Money is part of everyday life. And the earlier kids learn how to manage it, the better – it will improve their chances of having sound finances as grown-ups, as well as help them skirt the financial risks that lurk even in childhood.
That's why experts advise parents to explain how money works to their children while they're still preschoolers. "You can do this in a playful way, for instance with a toy grocery shop," says Marc Urlen, a research fellow at the German Youth Institute (DJI), a largely government-funded, nonprofit social science research institute.
The toy milk cartons, bread, fruit, etc., can only be taken from the shop in exchange for cash – play money, that is.
To explain the meaning of money to kids, you can reference things they're familiar with. For example, mom and dad go to work, receiving in return a certain amount of money that they keep safe in a bank. They then take out this money to buy food for the family, pay the rent and so on. You could also share with them other purposes money is used for, such as charity and helping others.
If parents are planning a major purchase, say a new car, they should let their children know.
"We're going to be spending less money for a while because we're saving in order to have enough to buy a ...," Urlen suggests they could say. Parents should speak openly to their children about money, he advises.
"The easiest way for children to learn money management is by getting an allowance," says Juliane Weiss, press spokesperson for the Association of German Banks.
The right amount of pocket money depends on the child's age, the socioeconomic conditions of the family and the child's in and out of school expenses. After calculating basic needs such as food, and transportation, parents could give an extra TL 5, for example, if their kid goes to primary school and maybe TL 10 extra in secondary school if the family budget permits.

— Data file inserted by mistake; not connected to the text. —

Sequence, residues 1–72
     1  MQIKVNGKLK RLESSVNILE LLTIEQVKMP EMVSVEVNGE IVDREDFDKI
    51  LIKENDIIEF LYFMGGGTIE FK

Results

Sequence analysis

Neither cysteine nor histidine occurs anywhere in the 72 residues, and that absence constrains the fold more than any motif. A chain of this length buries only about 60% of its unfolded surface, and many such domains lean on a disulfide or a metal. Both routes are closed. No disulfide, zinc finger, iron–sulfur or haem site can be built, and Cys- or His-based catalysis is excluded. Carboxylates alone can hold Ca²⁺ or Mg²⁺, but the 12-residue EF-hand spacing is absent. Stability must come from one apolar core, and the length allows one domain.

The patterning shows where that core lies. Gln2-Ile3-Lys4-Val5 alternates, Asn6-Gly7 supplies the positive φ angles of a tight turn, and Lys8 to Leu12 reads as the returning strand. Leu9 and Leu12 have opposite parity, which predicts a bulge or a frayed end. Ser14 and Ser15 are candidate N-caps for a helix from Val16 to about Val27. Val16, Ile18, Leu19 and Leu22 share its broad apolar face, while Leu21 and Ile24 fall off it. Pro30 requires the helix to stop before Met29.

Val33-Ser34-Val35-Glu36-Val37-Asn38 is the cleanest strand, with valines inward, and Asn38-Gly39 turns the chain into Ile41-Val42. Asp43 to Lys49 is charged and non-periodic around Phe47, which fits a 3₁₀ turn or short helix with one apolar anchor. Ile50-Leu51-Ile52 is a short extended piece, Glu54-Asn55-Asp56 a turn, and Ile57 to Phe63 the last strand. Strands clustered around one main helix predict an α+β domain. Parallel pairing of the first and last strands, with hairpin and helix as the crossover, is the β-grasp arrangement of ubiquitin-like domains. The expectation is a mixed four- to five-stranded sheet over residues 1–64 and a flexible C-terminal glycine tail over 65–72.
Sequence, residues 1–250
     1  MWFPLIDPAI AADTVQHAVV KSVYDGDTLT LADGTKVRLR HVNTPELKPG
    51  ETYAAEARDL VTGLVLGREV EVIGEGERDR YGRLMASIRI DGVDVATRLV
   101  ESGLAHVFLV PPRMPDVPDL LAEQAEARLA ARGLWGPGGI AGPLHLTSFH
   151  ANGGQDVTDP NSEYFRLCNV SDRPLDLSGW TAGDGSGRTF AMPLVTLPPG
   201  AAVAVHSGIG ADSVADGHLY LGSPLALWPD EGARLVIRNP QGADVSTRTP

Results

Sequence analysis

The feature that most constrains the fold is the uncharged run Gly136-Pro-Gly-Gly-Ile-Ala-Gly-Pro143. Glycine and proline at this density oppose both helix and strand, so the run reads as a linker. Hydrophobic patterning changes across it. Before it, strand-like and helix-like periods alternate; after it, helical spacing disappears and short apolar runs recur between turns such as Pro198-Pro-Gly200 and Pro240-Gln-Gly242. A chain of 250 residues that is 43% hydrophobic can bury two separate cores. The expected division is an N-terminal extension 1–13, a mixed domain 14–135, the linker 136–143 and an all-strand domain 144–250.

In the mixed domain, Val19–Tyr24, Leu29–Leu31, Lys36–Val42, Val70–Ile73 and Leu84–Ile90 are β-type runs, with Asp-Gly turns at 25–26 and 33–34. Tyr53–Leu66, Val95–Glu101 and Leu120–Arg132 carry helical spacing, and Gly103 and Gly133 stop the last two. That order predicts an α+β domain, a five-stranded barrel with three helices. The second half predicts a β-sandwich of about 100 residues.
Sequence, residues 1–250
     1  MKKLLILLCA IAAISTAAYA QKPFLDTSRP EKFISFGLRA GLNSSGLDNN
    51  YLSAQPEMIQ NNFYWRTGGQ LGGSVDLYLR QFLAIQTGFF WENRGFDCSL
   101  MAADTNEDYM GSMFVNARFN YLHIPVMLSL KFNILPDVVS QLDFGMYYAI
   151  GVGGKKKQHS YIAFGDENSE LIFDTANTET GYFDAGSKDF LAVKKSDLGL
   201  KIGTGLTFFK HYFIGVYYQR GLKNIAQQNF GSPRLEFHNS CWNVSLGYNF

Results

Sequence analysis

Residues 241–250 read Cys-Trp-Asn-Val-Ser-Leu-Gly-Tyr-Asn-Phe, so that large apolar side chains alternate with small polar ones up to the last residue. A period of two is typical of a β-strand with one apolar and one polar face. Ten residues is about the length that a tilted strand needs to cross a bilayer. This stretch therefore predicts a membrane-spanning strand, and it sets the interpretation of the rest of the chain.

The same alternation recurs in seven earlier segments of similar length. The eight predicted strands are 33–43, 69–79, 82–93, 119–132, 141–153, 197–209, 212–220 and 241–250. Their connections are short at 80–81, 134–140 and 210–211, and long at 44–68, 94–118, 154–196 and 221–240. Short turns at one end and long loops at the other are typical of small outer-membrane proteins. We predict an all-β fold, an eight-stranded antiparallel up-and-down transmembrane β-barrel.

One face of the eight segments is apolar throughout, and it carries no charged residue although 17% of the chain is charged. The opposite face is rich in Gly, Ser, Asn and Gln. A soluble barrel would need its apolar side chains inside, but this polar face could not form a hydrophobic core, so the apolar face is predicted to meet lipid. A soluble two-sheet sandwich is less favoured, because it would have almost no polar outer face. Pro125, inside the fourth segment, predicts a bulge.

It's important the children decide for themselves how to spend it, be it for sweets, their favorite ice cream or a book. "The kids then learn from experience that they can only afford a larger purchase if they haven't already spent their money," Weiss remarks.
In many cases, they'll want to save, and a conventional piggy bank can help. "Particularly for younger children, a moneybox is the right place to store pocket money," says Weiss, explaining this allows the child to keep track of how much money is at their disposal.
Beginning around age 12, Weiss says, it makes sense to open a bank account for the child's pocket money. Parents could place a standing order for the monthly transfer of the allowance to the child's account.
"Young people learn in this way how to handle a bank account and card," Weiss points out.
Although the account is the child's, the parents have control over it until the child reaches the legal age of adulthood. They determine the conditions under which the child has access to the money. And the account is on a no-overdraft basis.
"This means that when an amount isn't covered, the child can't withdraw it," Weiss says.
Parents should also enlighten their children about financial pitfalls on the internet, which is teeming with "free-to-play" video games that often have hidden costs. "Children's business inexperience and play instinct are shamelessly exploited in some cases," Urlen warns.
The cardinal rule for parents is to set a good example for their kids. How well do parents manage the household finances?
"Without a doubt," Urlen says, "children learn a lot by imitation."
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